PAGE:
(This was originally posted on April 6, 2017 as part of Sue Vincent’s writephoto challenge)
“See here,” wise Beandor said to his young pupil, Therry, “This arch, though appearing so weak, is very strong. Although the walls may crumble, unless the keystone is disturbed, the arch will stand and bear weight.”
Beandor used his staff to tap the keystone of the arch.
“This arch has allowed people into this temple for over a thousand years, protecting our town of Kernsh from every attack. Look at this ancient place, overlooking the mighty ocean, it appears weak, and yet it is so strong, like our people. Our fair country, Aladia, seems fragile, and yet it is just these points that keep it whole.”
Stuck in my own trap Towering walls block the view I can hear the sea Doesn’t the flotsam of life Prove there is more beyond me?
OK, if you don’t understand the title, look up Plato’s allegory of the cave. But more than just the cave allegory, I was thinking of this quote by Plato (a conclusion of the same story): “Those who are able to see beyond the shadows and lies of their culture will never be understood, let alone believed, by the masses.”
Written for Colleen’s Weekly Poetry Challenge. This week was a photo challenge. The photo at the top of the page is by Sally Cronin. I wrote a tanka this time, and I’m sure I was one of the few this week to base my tanka on a quote by Plato ;)
Looking down, all I can see are the chalk lines of my life. There is a path of memory behind, and I can make out that there might be a path cut into the Earth ahead, but what does it mean? An ant on the ceiling of the Sistine Chapel will have more idea of the design than I.
But then, perhaps, I am more like Michelangelo, flat on his back, quickly applying the pigment to the chalk-white plaster as it dries all too quick. Each stroke of the brush took into account all of the others, even if they were impossible to see.
But then, he knew where he was going, didn’t he? Do I?
Perhaps it isn’t important to see this chalk drawing of life in its entirety. Perhaps it is better to look out and search for the distant sea. Perhaps it is best to understand the setting. Perhaps it is better to drink in the fragrant summer air and enjoy the view.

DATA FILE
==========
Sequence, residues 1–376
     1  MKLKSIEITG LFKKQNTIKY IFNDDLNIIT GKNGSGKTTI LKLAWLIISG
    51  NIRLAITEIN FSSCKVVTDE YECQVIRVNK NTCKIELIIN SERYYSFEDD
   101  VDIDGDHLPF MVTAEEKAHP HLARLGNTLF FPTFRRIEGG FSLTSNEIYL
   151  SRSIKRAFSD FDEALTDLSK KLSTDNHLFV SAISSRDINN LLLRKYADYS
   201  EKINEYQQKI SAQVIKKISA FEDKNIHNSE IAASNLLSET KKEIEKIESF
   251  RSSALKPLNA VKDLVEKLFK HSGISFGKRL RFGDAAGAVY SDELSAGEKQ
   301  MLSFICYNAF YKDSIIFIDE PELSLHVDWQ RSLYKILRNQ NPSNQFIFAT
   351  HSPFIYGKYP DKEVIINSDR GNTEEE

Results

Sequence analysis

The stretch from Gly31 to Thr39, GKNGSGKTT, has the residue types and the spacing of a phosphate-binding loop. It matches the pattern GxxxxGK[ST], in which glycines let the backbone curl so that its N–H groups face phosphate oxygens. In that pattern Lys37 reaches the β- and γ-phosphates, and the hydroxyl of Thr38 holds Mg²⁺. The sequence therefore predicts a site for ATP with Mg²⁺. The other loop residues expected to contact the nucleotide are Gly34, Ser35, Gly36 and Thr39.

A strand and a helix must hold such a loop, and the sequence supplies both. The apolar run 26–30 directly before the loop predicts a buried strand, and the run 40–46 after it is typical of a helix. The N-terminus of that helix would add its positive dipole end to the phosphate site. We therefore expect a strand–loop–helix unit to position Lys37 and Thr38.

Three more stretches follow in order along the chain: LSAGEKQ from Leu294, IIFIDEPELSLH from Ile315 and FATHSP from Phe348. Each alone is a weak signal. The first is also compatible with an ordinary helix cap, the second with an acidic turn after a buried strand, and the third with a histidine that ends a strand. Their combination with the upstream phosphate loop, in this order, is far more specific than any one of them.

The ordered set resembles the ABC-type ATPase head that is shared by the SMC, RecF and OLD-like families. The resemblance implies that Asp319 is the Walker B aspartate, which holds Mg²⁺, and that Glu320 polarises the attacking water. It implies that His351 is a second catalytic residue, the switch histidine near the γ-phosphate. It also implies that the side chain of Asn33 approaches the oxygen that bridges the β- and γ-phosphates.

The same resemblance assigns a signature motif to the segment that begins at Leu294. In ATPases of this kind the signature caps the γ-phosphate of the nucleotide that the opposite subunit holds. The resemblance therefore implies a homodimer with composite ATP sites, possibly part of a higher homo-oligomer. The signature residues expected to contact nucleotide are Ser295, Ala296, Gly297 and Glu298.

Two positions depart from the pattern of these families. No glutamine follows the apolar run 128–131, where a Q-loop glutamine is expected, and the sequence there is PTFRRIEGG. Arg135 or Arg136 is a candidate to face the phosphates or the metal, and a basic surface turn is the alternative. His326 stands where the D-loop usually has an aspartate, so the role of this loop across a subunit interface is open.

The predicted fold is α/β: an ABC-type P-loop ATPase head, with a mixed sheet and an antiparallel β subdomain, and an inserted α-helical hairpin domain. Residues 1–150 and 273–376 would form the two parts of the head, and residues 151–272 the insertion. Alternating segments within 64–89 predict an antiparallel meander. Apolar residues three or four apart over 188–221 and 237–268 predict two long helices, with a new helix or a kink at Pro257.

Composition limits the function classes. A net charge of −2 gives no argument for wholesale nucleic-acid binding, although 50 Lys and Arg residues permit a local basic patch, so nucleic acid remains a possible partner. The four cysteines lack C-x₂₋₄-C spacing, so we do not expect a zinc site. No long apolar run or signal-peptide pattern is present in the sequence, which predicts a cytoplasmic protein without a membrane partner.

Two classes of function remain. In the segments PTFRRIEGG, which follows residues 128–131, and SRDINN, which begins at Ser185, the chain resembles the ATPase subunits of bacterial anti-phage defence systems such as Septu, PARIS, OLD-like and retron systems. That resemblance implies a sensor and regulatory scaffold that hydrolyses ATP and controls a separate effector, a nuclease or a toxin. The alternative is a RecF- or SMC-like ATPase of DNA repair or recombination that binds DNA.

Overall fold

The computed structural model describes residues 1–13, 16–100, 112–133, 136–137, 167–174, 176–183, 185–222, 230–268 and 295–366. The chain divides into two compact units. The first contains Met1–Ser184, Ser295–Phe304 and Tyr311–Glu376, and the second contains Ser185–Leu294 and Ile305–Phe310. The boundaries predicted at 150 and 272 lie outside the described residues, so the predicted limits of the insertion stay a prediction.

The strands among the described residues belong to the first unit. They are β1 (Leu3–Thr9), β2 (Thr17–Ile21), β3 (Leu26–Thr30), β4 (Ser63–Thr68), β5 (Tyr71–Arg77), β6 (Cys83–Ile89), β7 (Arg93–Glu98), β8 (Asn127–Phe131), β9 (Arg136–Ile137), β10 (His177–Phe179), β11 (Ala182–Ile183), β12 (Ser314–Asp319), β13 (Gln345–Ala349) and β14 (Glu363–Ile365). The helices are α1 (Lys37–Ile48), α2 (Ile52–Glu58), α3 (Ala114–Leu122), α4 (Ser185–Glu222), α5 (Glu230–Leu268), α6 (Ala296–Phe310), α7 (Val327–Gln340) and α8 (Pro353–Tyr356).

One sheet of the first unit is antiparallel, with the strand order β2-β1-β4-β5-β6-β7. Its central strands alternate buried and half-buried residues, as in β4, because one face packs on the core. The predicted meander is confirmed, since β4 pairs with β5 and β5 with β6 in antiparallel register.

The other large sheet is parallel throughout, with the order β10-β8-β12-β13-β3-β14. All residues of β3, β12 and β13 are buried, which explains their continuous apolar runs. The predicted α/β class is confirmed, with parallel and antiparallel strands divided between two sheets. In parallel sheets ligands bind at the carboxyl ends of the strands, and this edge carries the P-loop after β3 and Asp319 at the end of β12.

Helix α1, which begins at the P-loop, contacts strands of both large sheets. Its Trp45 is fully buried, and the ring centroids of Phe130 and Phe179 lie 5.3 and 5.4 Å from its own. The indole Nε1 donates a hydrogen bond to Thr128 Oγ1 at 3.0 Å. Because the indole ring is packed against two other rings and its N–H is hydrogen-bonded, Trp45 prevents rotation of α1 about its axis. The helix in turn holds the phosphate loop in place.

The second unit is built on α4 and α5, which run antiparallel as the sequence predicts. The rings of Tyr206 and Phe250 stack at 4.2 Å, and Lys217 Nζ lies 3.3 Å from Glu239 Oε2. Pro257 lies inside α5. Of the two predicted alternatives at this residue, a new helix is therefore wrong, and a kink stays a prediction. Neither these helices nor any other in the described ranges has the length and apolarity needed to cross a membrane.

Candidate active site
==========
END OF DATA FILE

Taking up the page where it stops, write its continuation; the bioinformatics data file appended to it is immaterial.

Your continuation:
Perhaps it is about the vista, not the ground below my feet.
(I want to reassure you before you read this that nothing bad has happened in my life, it is just that I have been thinking. As they say, thinking can be a dangerous thing :) )
I’ve often said that smiles come in many sizes and shapes. I often tell you big smiles of the week, but sometimes the small ones are more important. I also tell you to go out and smile. I get it that it is hard for some. I say, smile anyway. Smiling is living.
What is life really about, then? Is it possible to be happy when your stomach is growling from hunger? Can you find love when so many hate you for reasons beyond your control? Are there really silver linings in great disasters? Loss and sorry fill many lives. Who am I to say that you should smile? Continue reading →
New Hampshire is gorgeous in the fall people come from all over the country, all over the world, to see the leaves change. This year they came on very slowly, but all at once it seemed like every leaf changed. Usually it’s more drawn out, so the last two days have been spectacular! But…
OK, photography has not been in the cards for the last few days and won’t be again for a few more. And then, I’m like over 1000 photos behind. What I mean is, I have over 1000 photos on my camera that I have not gone through. The are from the last half of the summer and the beginning of autumn. So do I even need to take more pictures? Continue reading →
I used to hike Mount Monadnock all of the time (Google it). After the first couple of times up I changed my route so that I would take long arcing hikes that would totally skip the summit. I would get close and there were always places to take in the view, but I saw no reason to go to the top.
On more than one occasion I had people ask me why I didn’t go all of the way to the top. If you don’t go to the summit, what’s the point? Where is the destination? I had people tell me they hated hiking without an objective.
To me hiking was the point, spending time outside communing with nature was the objective. It was the journey, not the destination that was important. Continue reading →
Once or twice Out of the blue I’ve had an epiphany About Life The Universe And the Way Things Should Be It’s weird, though Nothing was in words Or images Or feelings Yet I understood it Let it guide me In my day-to-day dealings It was always At the tip of my tongue Ready to be said But the ideas Outstripped language To higher truths they led It all crystalized Everything came together And made sense Although it’s all the same Everything has changed Forever hence